But when it comes to the real showdown, they are afraid and that’s why they need the Act to prevent the scenario where they become a victim of their own slogans.

But what if the Act had had the opposite effect and convinced Chen to make a UDI when he could? You don’t make such a provocative piece of legislation if you don’t mean it, because if you miscalculate you’ve backed yourself into a wall.

Chen was elected in 2000 – why did China wait until half a decade later to make this law, given he was pro-independence at the start, if it felt it needed to head-off trouble? Few (if any) credible, knowledgeable anaylsts will tell you that the law stopped Taiwan from declaring independence or otherwise moving in that direction.

March 29, 2008 @ 4:42 am | Comment

@Raj

Because the rest of the world was packing nuclear weapons and the boys in Moscow were not suicidal. On the other hand Taiwan is nuke-free and has no nuclear security guarantee from the US as various nations did during the Cold War.

Well, I don’t think the US extended the nuclear umbrella to Eastern Europe as far as i am concerned. If not, the Soviet invasion of Hungary and Czechoslovakia would not have happened in 1956 and 1968 respectively. In 1989, Honecker and Ceausescu both proposed to Moscow about the use of force, but the Kremlin, in contrary to your theory of diversionary use of force, did not revive the Brezhnev Doctrine. Technically, the Kremlin could have taken that option given the thousands of Soviet occupation forces it still had in the area in 1989. And if the Soviets decided to repeat their feat of 1956 and 1968, not even self-proclaimed Cold War warriors like Reagan and Thatcher would dare to risk the destruction of Washington and London just to save the people of Eastern Europe.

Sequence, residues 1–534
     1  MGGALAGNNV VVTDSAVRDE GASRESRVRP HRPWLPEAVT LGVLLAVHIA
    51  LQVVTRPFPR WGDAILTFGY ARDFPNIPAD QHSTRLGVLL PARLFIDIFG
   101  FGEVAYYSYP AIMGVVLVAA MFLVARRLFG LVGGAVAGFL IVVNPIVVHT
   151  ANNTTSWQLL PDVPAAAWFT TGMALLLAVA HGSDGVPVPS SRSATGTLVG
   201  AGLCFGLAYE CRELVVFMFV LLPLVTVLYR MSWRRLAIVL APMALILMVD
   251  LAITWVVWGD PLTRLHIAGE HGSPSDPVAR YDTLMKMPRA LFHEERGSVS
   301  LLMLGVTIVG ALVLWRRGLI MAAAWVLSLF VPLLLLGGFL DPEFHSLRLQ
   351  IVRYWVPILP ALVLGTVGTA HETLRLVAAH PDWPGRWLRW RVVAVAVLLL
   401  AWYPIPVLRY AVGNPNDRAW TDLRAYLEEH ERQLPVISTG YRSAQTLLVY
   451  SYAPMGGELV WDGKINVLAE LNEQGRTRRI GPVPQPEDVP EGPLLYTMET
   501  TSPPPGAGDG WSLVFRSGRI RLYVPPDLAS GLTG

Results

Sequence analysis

Chen was elected in 2000 – why did China wait until half a decade later to make this law, given he was pro-independence at the start, if it felt it needed to head-off trouble? Few (if any) credible, knowledgeable anaylsts will tell you that the law stopped Taiwan from declaring independence or otherwise moving in that direction.

I think you need to recall the developments carefully without going into sweeping statements. Chen Shui-Bian was elected in 2000 and in order to placate fears that he might declare formal independence, he announced his famous but now defunct Four Noes and One Without in which he pledged not to the following in his term of office: